EDC Investing $15M at Brooklyn Army Terminal



The administration building at the Brooklyn Army Terminal.
The administration building at the Brooklyn Army Terminal.

The city’s Economic Development Corporation will be spending roughly $15 million to renovate the 55,000-square-foot administration building at the Brooklyn Army Terminal in Sunset Park, Brooklyn, Commercial Observer has learned.

The undertaking marks the first large-scale strategic investment EDC is making with its own funds in a building it manages on behalf of the city, Kyle Kimball, the president of EDC, said, and it is the only agency-managed building EDC has on tap to improve.

EDC has nearly 200 buildings and 60 million square feet it owns or manages for the city, including about two dozen the agency owns outright.

The agency allocated the funds at the end of last year for the project and has just issued a Request for Proposals, or RFP, for a construction manager, said Mr. Kimball, who was ranked in CO‘s recent annual Power 100.

“We are strategically investing in the asset, to improve our cash flow, which can then be reinvested into the asset,” he said. “Right now, the asset is producing neither cash flow nor, more importantly, jobs.”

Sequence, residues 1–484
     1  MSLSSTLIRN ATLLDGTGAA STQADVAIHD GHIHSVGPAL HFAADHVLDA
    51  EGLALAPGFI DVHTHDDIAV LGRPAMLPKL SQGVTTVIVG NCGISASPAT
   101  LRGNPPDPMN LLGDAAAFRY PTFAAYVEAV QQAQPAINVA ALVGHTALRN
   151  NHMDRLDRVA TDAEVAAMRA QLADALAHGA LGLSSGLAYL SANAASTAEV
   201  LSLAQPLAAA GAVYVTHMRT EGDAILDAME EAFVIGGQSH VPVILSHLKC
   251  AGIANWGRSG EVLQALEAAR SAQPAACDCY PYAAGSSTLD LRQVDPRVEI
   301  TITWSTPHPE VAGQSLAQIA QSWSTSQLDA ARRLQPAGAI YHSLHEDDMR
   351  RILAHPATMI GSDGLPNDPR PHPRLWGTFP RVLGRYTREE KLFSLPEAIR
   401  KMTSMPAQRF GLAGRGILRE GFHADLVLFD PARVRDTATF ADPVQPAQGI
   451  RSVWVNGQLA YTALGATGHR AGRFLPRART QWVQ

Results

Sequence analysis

The administrative building is part of the four-building, 4-million-square-foot industrial Brooklyn Army Terminal. Last month the mayor announced plans to spend $100 million to bring up to code for leasing 500,000 square feet of uninhabitable space in Building “A,” which is otherwise occupied. Building “B” is fully occupied by tenants. And the fourth building, the boiler building, is vacant with no plans to bring it online.

A few tenants at the Brooklyn Army Terminal, with an address of 140 58th Street, are sweets maker Jacques Torres with a 39,500-square-foot chocolate factory, as CO previously reported, creative e-commerce and catalog company UncommonGoods and eco-friendly and sustainable furniture brand Urban Green.

The four-story landmarked administration building has been vacant since at least the 1970s and EDC wants to gut renovate it and turn it into funky office space or convert it for use by modern manufacturing tenants.

EDC’s investment “is a recognition that some really important things are happening in Sunset Park,” Mr. Kimball said. “We are preserving and increasing space for manufacturing.” In addition, the project will generate temporary and permanent jobs, he said.

Rents in the administrative building could match those in the rest of the complex, where they are $10 per square foot, or exceed them, “depending on the space,” Mr. Kimball said.

He hopes to break ground on the project—which entails mostly an interior renovation—this year and be finished in a couple of years.